God chose us to be saved. He elected us by the regeneration of the Holy Spirit that we would believe on Him. God does it all! He chooses, He elects, He sent His only Son to die for us and sends the Holy Spirit to bring us to faith. Two marks of election, according to 2 Thessalonians, are sanctification by the Spirit and belief in the truth. Sanctification is the process of God’s work in our lives through the Holy Spirit. God is at work in you and in us to make us more like Jesus. Our goal is to become more and more like Jesus. This is the path of sanctification. The second goal is belief in the truth. What truth do we believe? The elect are able to boldly proclaim what they believe and what we believe is found solely in our sacred book, the Bible.

Grace comes before faith. God elects before we believe. This grace filled election enables us to receive Christ. Reformed theology makes it possible for us to say we are chosen in Christ. We are the Lord’s. Now what we do with that election is another matter. Sometimes we get caught up in ourselves to the point that we fit well the label of “the frozen chosen”. Such a criticism is sometimes warranted when we grow complacent in thinking that there is nothing for us to do in light of predestination or unconditional election. But we misunderstand if we think that we can just do whatever we want or believe that everything is already decided. Someone will ask, if all are saved or not saved; what is the point of evangelism? If some are saved and some are not, if some are elected and some are not, then what are we left to do? Well for one thing, we do not know who those elected ones are! We could be the instruments God uses to reveal the grace of God at work in someone’s heart and life. We might be the ones who share a word or deed that God uses to reveal His grace to someone. So why do evangelism? 1) We do not know who is chosen and who is not, 2) Jesus commanded sharing the gospel, 3) We are not chosen for our sake alone but for the sake of others who are also chosen.

  • Is God Fair?


Another claim against unconditional election is that it shows God as unfair. Well, consider this, we are all sinners from birth. Scripture proclaims there are none righteous, not one (Romans 3.10). Everyone deserves justice/judgment. All are guilty. Everyone deserves the wages of sin which is death (Romans 6.23). RC Sproul gives the illustration to line up six sinner and if three are pardoned, the other three simple get what they deserved in the first place. Nothing unfair about that. If some receive mercy; hallelujah! If others do not receive mercy, justice is done. Who are we to determine that God is unfair in his unconditional election. You know the old passage from Isaiah 45.9, Woe to him who strives with him who formed him, a pot among earthen pots! Does the clay say to him who forms it, ‘What are you making?’ or ‘Your work has no handles’? (ESV) Who are we to say to the one who created us, what are You doing? The pot does not tell the potter what to make, whether to make a vessel for honor and another for dishonor (Romans 9.21).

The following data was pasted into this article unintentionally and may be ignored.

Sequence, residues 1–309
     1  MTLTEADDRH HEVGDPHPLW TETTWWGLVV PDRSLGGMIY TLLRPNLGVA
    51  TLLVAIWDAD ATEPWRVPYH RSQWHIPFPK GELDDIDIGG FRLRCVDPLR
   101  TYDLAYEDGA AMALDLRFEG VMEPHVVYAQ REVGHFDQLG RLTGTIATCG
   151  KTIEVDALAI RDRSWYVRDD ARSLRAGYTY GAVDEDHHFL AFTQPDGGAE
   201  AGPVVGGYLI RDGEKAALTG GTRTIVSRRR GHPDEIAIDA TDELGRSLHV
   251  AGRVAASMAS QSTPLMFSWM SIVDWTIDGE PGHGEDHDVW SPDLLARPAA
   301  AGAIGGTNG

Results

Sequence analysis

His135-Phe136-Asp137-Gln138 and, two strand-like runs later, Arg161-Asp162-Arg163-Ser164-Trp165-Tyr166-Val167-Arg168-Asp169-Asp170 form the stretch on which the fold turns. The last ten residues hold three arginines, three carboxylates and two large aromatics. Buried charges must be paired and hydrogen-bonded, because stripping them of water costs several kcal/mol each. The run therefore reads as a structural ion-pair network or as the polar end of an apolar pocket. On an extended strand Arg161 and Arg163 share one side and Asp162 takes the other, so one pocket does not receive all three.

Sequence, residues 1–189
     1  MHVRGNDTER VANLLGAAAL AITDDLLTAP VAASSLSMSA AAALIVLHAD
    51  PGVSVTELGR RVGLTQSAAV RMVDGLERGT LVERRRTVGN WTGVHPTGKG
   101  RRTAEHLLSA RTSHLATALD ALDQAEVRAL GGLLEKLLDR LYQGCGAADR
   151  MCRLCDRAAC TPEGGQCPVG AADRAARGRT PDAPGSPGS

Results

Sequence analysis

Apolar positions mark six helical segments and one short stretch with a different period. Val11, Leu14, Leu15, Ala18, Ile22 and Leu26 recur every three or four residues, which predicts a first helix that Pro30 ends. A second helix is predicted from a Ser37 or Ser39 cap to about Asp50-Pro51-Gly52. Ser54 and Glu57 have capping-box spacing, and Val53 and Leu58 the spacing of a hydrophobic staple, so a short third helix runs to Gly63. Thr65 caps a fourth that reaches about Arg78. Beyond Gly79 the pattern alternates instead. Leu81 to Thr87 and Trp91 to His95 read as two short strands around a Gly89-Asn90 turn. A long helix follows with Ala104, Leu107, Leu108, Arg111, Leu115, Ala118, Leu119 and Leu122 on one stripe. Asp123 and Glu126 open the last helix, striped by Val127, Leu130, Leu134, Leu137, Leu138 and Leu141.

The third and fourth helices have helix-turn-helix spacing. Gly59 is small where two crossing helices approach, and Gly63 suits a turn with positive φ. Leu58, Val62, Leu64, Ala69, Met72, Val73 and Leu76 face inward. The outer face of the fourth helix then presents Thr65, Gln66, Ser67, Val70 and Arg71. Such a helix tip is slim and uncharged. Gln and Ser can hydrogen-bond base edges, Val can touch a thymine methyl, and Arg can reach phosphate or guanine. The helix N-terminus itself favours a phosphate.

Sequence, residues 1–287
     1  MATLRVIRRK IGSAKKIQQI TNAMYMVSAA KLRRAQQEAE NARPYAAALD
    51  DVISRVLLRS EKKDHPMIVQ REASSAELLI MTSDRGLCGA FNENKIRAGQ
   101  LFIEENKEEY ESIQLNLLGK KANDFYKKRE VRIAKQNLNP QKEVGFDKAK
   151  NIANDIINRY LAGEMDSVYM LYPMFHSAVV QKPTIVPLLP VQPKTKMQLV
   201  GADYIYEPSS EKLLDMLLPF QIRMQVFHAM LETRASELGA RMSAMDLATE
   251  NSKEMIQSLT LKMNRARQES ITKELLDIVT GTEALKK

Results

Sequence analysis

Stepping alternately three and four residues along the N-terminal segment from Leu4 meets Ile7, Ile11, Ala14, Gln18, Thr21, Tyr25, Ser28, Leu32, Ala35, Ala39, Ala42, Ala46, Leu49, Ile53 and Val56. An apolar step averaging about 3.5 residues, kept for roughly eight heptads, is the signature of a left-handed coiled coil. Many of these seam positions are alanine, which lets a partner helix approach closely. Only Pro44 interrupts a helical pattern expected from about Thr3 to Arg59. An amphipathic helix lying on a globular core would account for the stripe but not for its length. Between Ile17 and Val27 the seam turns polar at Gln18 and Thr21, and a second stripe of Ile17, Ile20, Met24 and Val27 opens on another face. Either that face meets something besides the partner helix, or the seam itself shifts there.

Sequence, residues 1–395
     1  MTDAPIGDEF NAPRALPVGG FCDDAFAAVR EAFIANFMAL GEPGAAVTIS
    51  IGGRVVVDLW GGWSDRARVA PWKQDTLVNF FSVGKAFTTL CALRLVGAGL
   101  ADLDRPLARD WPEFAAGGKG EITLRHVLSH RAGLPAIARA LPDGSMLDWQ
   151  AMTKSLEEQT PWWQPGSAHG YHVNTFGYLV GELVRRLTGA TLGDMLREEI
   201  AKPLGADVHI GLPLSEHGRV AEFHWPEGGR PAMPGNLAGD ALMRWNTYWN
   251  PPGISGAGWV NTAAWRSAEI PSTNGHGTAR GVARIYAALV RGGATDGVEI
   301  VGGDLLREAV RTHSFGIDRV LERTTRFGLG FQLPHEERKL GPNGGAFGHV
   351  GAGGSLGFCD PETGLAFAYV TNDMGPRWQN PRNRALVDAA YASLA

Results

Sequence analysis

• Our Sovereign God

Unconditional election really speaks to the sovereignty of God. Our salvation is dependent upon the grace and mercy of the Sovereign Lord. It is not up to us. If it were up to us we would mess it up as much as Adam and Eve. God is sovereign. God reigns. God is the One in charge and it is not our place to question His choosing, His will, His ways, His thoughts. God is on a level we cannot comprehend.

God says in Isaiah 55.8, “For my thoughts are not your thoughts, neither are your ways my ways, declares the Lord.” Doctrines like unconditional election are beyond our complete understanding. But this doctrine, as the others in TULIP, are biblical. And we all know that sometimes the Bible has to be believed even before it is understood. One more text that helps us understand unconditional election is Romans 8:28-33,

28And we know that for those who love God all things work together for good, for those who are called according to his purpose. 29For those whom he foreknew he also predestined to be conformed to the image of his Son, in order that he might be the firstborn among many brothers. 30And those whom he predestined he also called, and those whom he called he also justified, and those whom he justified he also glorified.] 31What then shall we say to these things? If God is for us, who can be against us? 32He who did not spare his own Son but gave him up for us all, how will he not also with him graciously give us all things? 33Who shall bring any charge against God's elect? It is God who justifies. (ESV)

God calls and God justifies and God glorifies. It is God’s doing; it is not our own. We are misguided to think that we can do anything to earn or deserve God’s grace and mercy. God has done for us what we could not do for ourselves.

Unconditional election is our identity as a people. While other denominations may not articulate salvation in this way, it is, in our tradition, and we would say, in the Bible, a mark of the church. Believers are God’s people, chosen, called, sent, and only through faith, service, and witness to Jesus Christ will we affirm the unconditional election of God. Once again, in the reformed understanding of God’s Word, we give all the glory to God and all thanks to Him for His grace to pull us out of our total depravity. We we give all thanks and glory to God for His sovereign election and choosing. He is the potter, we are the clay. So let us present ourselves to God that we may demonstrate God at work in us and through us, because anything less than complete devotion to the One who has chosen us is a witness of ingratitude and unfaithfulness. Let us remember this week Jesus’ words:

You did not choose me, but I chose you and appointed you that you should go and bear fruit and that your fruit should abide...” (John 15:16). Amen.